It's Tuesday afternoon but the usual rush of endorphins generated by his morning training session is absent, the low water levels of the Clyde making it too dangerous to row. Consequently, he is grouchy and lethargic, but it would take a brave man to venture that taking a day off is perhaps not the worst thing at his age.
Day celebrated his 80th birthday in January, yet four times a week – summer or winter – he can be found at Clydesdale Amateur Rowing Club's Glasgow Green boathouse preparing for a 60-minute stint with the three other pensionable members of his crew. He might have six or seven years on Owen McGhee and Duncan Paterson, and more than a decade on Mike Colgan, but the oldest member of the quartet bristles at any suggestion that his colleagues might be carrying him.
"Not at all," he chastises. "I go to the local gym myself on a Wednesday morning and do weights and all sorts, but the boys tell me to give it a rest because they can't do it. Furthermore, I keep on getting in bother because I'm rowing too hard – it's a bit of a sore point."
Slowing down, however, is something Day refuses to contemplate. As long as he continues to enjoy the sport he first experienced 66 years ago, and he has people willing to row with him, he will keep going. What would he do with himself instead?
The Glaswegian readily concedes that the prospect of what might become of him should he stop scares him, a concern perhaps fuelled by experience. Nine years have passed since the death of his long-term partner Ian Stanners, a man he taught to row and with whom he competed with great distinction on the veterans circuit for almost 15 years, winning the World Masters Regatta eight times.
"One Sunday morning, we had a tremendous session then, on the Monday, he phoned to say he wasn't feeling too well," Day recalls. "He thought he had rheumatism or some such so we decided not to bother weight training that week but I never saw him again. Less than a fortnight later he was dead."
At that time, Day was a member of the Clyde Rowing Club but was invited for a row by various other organisations along the river "just to help me out". Few of those clubs, though, would have failed to recognise the alluring prospect of enticing a world champion to join them. Clydesdale were ultimately successful in doing so, and matched the Bishopbriggs native with their own veteran crew in an association which has since yielded a series of Scottish Championship successes.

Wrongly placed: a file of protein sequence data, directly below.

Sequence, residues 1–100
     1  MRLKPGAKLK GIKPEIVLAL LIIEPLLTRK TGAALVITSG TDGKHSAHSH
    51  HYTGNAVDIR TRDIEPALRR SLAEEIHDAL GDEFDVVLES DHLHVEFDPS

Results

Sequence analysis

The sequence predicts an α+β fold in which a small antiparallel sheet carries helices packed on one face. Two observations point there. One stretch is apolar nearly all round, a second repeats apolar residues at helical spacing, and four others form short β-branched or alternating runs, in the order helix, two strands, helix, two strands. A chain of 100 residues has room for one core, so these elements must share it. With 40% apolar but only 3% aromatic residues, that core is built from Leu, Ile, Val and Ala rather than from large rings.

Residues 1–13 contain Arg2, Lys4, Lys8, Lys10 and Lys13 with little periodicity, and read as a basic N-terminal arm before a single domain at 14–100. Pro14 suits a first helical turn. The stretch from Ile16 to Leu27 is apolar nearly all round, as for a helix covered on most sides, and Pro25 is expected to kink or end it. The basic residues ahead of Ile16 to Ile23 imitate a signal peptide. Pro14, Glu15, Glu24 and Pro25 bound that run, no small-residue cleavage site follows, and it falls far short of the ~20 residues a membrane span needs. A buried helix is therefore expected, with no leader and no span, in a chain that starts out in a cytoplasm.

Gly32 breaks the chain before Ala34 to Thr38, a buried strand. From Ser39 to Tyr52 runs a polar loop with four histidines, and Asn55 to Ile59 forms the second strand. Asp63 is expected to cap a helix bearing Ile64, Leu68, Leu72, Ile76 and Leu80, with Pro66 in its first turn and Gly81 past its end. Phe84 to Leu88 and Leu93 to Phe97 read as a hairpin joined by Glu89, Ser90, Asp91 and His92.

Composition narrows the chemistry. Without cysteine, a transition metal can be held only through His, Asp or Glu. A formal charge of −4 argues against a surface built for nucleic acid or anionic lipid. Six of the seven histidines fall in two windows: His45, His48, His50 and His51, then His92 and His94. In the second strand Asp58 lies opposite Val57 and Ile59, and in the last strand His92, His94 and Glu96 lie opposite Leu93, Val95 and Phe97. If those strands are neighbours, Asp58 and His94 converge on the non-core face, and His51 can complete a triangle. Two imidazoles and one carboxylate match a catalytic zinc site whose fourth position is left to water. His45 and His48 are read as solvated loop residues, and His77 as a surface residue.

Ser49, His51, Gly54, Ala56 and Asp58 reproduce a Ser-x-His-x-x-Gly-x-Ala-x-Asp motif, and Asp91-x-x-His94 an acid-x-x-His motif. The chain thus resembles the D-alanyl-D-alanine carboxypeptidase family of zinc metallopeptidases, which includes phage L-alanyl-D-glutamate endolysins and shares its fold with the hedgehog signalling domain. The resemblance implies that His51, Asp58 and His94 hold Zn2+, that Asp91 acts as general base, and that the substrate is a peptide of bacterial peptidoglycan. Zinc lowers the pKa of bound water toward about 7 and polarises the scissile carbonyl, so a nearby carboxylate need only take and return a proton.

That should come as no surprise given Day's past. As well as his World Masters domination, he also rowed for Scotland in the 1958 Empire Games in Wales, finishing third some 14 years after taking up the sport. "I was playing rugby at Allan Glen's School and I broke my nose when a scrum collapsed," he explains. "A pal of mine found out what had happened and suggested I try something different and took me on a tram down to Glasgow Green, where I started rowing. I was tickled pink by it but I wasn't allowed to go out in a boat myself until I learned to swim -"
By the time he began his national service in 1953, that slight problem had been overcome and, two years later, he survived a rigorous selection process to be included in the 12-strong RAF rowing squad that travelled around Europe for regattas.
"I don't know how I managed to get away with it; for six months I was out of uniform and into a boat," Day says, chuckling. "My most memorable race was in Hamburg; the RAF had destroyed the city just a few years earlier but they seemed to have forgotten that when they welcomed us."
Another occasion, on which a friendly conversation with a Russian rival in Amsterdam was disturbed by the furious intervention of a diminutive female KGB agent, is among his most cherished recollections from a career during which he served as vice-president of the Scottish Rowing Association, welcomed The Queen and Duke of Edinburgh for the 1986 Commonwealth Games and served on the selectors panel for the Olympic Games in 1980 and 1984.
Unsurprisingly, then, he has no ambitions left to fulfil but insists that should not be perceived as any indication of an impending retirement. "I think they're going to have to carry me out of the Clyde," he says. "I've mentioned to my wife Eileen about stopping once or twice and she's said 'no, no, carry on because it keeps you healthy' and she's quite right, of course. I enjoy it and that's the key; that and keeping up with the boys. Or maybe getting ahead of them -"
Contextual targeting label: